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Pediatric – Vesicoureteral Reflux (VUR)

Vesicoureteral reflux (or VUR) is the condition which reverses the flow of urine. This causes the urine to flow back from the bladder to the kidneys. This condition develops in around 1% of all children.

This condition is mostly a congenital (birth) defect which results from an abnormal connection between the bladder and the ureter with an ineffective and short flap valve. The known reasons for development of VUR in children are if a child is born with defective neural tubes, has genetic predisposition or has a type of urinary tract abnormality. Caucasian females (around 75%) are most affected by this disorder.

What are the symptoms of VUR?

Normally, UTI (urinary tract infection) is the initial symptom of VUR in infants and young children. VUR can cause infection due to bacterial growth in the urine which is accumulated in the bladder without relieving. This can also spread to the kidneys. If the child is considerably older, other symptoms seen include hypertension (high blood pressure) and bed wetting habit.

Other symptoms of VUR are:

  • Constant urge to urinate

  • Burning sensation while urinating

  • Frequent urinating in small amounts

  • Hematuria (blood in the urine/cloudy and strong smelling urine

  • Fever

  • Flank/abdominal pain

A urinary tract infection is mostly difficult to diagnose in children who exhibit general symptoms that are caused with other disorders as well. When infants are affected by UTI, these are the commonly seen symptoms:

  • Abnormally slow/less growth

  • Diarrhea and nausea

  • Lack of appetite

  • Lethargy

As the child grows, the VUR may show other signs and symptoms, such as:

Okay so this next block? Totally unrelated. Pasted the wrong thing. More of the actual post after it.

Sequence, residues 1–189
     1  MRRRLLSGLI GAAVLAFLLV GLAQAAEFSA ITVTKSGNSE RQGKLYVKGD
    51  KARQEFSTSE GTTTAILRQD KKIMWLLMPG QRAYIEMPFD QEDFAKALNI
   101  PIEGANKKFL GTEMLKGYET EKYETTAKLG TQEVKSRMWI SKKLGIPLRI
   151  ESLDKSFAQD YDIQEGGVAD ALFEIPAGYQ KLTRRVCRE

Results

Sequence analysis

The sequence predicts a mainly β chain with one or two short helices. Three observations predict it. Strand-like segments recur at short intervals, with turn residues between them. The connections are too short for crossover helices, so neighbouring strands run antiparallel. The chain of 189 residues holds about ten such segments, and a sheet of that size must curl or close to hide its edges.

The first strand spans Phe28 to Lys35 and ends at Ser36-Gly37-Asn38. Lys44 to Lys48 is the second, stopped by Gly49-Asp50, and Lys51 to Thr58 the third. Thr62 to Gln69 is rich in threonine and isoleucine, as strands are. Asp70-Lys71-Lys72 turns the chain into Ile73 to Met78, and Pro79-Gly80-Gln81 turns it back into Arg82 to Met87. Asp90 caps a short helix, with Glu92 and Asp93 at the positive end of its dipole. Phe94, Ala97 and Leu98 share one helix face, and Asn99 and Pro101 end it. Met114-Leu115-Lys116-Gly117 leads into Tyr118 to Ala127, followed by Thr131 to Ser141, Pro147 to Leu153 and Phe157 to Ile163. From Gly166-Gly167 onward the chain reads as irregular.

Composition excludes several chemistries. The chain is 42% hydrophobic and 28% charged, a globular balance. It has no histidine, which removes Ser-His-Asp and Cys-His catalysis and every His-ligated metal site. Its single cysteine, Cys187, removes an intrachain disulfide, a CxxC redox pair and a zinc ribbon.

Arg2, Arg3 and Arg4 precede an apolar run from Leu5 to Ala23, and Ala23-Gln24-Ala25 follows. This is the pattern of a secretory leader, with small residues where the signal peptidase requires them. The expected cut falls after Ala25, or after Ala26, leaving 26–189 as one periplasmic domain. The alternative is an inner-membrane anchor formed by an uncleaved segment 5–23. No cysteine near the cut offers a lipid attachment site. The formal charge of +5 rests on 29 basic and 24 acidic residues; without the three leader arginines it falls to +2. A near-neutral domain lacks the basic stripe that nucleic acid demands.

• Hyper tension (high blood pressure)

  • Protein mixed with urine

  • Bed wetting

  • Renal failure

Another sign of VUR, which is mostly detected with a fetal sonogram, is the swelling of the kidney’s parts that collect urine before passing it on to the bladder. This condition is known as hydronephrosis which causes the urine to become accumulated inside the kidney.


There are several causes for development of VUR in children. The most common causes are:

  • Genetic vulnerability

  • Congenital neural defects (such as spina bifida)

  • Male infants are likely to experience pressure in the urinary tract as compared to female children who have higher risk when in the younger age of childhood

  • Urinary tract disorders, such as Ureterocele, posterior urethral valves or ureter duplication

  • Caucasian ethnicity of the child

Vesicoureteral reflux (VUR) is seen in mainly two types:

Primary VUR – This is a common type of VUR which is mostly caused due to a congenital abnormality in the valve between the ureter and the bladder. Normally, this valve prevents the reversal of the flow of urine from the kidney to the bladder. With the growth of the child, the ureters are extend  which also results in improved valve function and resolve the condition to normal, naturally. This type of VUR is mostly caused due to a genetic predisposition.

Secondary VUR – This type of VUR is the result of a blockage in the urinary system. This blockage mostly develops because of urinary tract infection, which causes the ureter to swell.

How is it detected?

Imaging tests help to identify abnormalities in the urinary tract. These may include:

  • Ultrasound – Using sound waves to create an image of the bladder and kidney.

  • VCUG (Voiding Cystourethrogram) – Specialized x-ray test of bladder that helps check the flow of urine. A small tube is inserted into the bladder through the urethra. A contrast dye is injected before the x-ray to get clearer image of the urine flow.